Once again, things were getting off to a shaky start.
I was sitting in a cubicle having an interview with a Nice Lady prior to the laparoscopic surgery we had scheduled. She was asking questions and recording my answers.
Would you like the services of a chaplain?
I thought that might be a good idea. Having a fellow Buddhist to chat with might help calm my understandably jittery nerves.
Yes, I think so. I’m a Buddhist, Kagyu if it makes a difference, but any Buddhist chaplain on your staff would be just fine.
I got this blank look from the Nice Lady - that blank look that suggested that I could have been speaking Esperanto, for all the good it was doing me.
Pardon me, sir?
This was not going well. I was beginning to regret asking for a Buddhist chaplain, but forged ahead anyway.
It was now a matter of principle.
I’m a Buddhist. I would like to see a Buddhist chaplain if there is one on your staff.
I could tell she wasn’t getting this at all.
I could call our non-denominational chaplain if you like.
Is this chaplain Buddhist?
No, sir, but he’s very nice.
I was beginning to sense that being "nice" was very important here.
I’m sure, but no matter how "nice" he is, seeing as I’m a Buddhist and he’s not, it hardly seems appropriate ,don’t you think? Perhaps we should move on?
She was visibly relieved, but I was not. I fixated on the fact that less than 50 miles from where we sat there was an accredited Buddhist university, Naropa, that had a highly-respected Buddhist chaplaincy program. Ours is a metro area with Buddhists of virtually every kind and lots of them. That this hospital didn’t have any sort of Buddhist on the chaplaincy staff was very strange. Buddhism is the 4th largest religion in the country. Buddhists go to the hospital all the time. Don't we deserve a chaplain of our own .......
More pressing matters awaited.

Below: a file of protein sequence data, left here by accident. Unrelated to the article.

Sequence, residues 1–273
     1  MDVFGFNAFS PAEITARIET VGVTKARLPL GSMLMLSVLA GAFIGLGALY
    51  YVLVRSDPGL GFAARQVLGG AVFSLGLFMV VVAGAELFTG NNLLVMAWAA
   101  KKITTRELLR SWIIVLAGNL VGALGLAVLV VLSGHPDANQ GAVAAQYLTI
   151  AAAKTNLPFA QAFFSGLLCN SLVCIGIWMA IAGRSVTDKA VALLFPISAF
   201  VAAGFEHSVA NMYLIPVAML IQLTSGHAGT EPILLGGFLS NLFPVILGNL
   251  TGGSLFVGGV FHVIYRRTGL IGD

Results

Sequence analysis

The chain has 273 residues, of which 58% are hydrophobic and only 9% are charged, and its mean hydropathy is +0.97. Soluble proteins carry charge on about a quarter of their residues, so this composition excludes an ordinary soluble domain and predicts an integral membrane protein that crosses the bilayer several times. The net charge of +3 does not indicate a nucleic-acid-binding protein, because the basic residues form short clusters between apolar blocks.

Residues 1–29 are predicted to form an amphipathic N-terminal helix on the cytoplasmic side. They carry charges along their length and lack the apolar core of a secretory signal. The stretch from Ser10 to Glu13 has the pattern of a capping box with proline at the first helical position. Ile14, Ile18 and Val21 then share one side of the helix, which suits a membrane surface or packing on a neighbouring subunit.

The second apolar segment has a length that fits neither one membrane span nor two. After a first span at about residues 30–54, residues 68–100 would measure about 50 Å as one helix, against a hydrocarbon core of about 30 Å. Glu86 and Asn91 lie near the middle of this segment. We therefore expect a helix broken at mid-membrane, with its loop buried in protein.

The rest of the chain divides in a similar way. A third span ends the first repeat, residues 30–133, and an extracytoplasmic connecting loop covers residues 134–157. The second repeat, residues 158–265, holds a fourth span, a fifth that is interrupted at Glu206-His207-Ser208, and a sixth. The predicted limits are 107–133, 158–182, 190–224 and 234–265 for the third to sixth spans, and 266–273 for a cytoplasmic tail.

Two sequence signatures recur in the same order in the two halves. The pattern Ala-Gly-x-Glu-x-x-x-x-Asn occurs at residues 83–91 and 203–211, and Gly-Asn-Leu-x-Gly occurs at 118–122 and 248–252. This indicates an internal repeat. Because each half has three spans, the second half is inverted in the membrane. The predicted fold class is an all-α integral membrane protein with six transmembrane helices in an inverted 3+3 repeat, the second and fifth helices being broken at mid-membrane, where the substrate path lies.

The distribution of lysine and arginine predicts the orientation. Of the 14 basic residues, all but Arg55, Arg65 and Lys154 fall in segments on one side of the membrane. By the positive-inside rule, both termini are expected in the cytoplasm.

I was then ushered into The Room Where They Make You Wear Humiliating Clothes and was made to undress and don the Humiliating Clothes. Every single person involved in this procedure, including my oncologist, then marched through the room with smiles and sunshine and handshakes, saying how pleased they were to see me and how I shouldn’t worry and everyone was sooooo fucking nice and ......
.... we’re gonna have a great time and we’re gonna find that pesky cancer and take pictures of it and you’re gonna be just fine, and isn’t it a nice day, and …….
I found myself wanting the general anesthetic right away. I wanted to go outside and have a cigarette where there weren't any Nice People. These people parading though the room were way too irritating, way too intense, so fucking nice. They meant well, to be sure, but it suddenly occurred to me that they were undoubtedly terrified that something would go horribly wrong and my entire family would sue the b'jeeziss out of the hospital and they were all gonna loose their jobs, so......
We'd better be super-nice to this guy or we’re all as good as dead.
I recall saying to someone that there are excellent decaffeinated coffees available these days.
Finally they wheeled me into the operating room. A voice above my head came to me ….
Hi, I’m Dr. Bob and I’m your anesthesiologist today. We met earlier. We’re gonna start giving you some medicine here in a second.
I had this strange premonition that he was about to ask me if I was allergic to shellfish.
Someone said that that you were the guy in charge of the tunes, is that right?
Yes sir! I have all sorts of music I can play for you. Any Requests?
I felt like being difficult. I would punish them for not having a Buddhist chaplain.
Yes. Emerson, Lake and Palmer. Works One. Side A.
One of my favorites too, but I don’t have it here. Anything else?
I suppressed an urge to ask for some Hawkwind, deciding they had been punished enough. Time to move on.
Blues? Anything along that line?
Yes sir, plenty of that.
So, as things faded to black, it was to Buddy Guy playing Sweet Home Chicago, live.
Cool. Things were looking up. I remember someone saying ….
See you on the other side!